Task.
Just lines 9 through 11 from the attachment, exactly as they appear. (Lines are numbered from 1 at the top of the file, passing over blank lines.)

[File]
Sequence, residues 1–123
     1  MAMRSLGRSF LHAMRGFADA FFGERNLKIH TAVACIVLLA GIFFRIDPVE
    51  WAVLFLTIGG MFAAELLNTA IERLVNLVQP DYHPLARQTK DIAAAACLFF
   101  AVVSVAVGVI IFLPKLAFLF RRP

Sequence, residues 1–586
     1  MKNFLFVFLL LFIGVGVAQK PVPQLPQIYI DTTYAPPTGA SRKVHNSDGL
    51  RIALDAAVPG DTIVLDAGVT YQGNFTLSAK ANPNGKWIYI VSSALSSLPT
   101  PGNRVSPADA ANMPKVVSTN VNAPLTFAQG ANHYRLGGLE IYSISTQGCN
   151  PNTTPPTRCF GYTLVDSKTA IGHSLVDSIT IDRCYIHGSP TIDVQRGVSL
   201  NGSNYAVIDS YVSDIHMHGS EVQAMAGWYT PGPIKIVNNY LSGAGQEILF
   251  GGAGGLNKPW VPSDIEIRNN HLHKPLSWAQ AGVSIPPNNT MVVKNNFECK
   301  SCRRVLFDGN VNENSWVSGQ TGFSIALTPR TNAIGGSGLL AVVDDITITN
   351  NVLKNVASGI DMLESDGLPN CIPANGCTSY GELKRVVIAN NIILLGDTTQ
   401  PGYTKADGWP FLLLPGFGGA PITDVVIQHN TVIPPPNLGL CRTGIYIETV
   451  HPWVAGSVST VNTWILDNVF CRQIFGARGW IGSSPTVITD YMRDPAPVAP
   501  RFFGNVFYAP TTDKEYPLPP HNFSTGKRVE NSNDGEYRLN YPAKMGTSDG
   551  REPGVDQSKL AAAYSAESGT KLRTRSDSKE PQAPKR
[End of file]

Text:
   151  PNTTPPTRCF GYTLVDSKTA IGHSLVDSIT IDRCYIHGSP TIDVQRGVSL
   201  NGSNYAVIDS YVSDIHMHGS EVQAMAGWYT PGPIKIVNNY LSGAGQEILF
   251  GGAGGLNKPW VPSDIEIRNN HLHKPLSWAQ AGVSIPPNNT MVVKNNFECK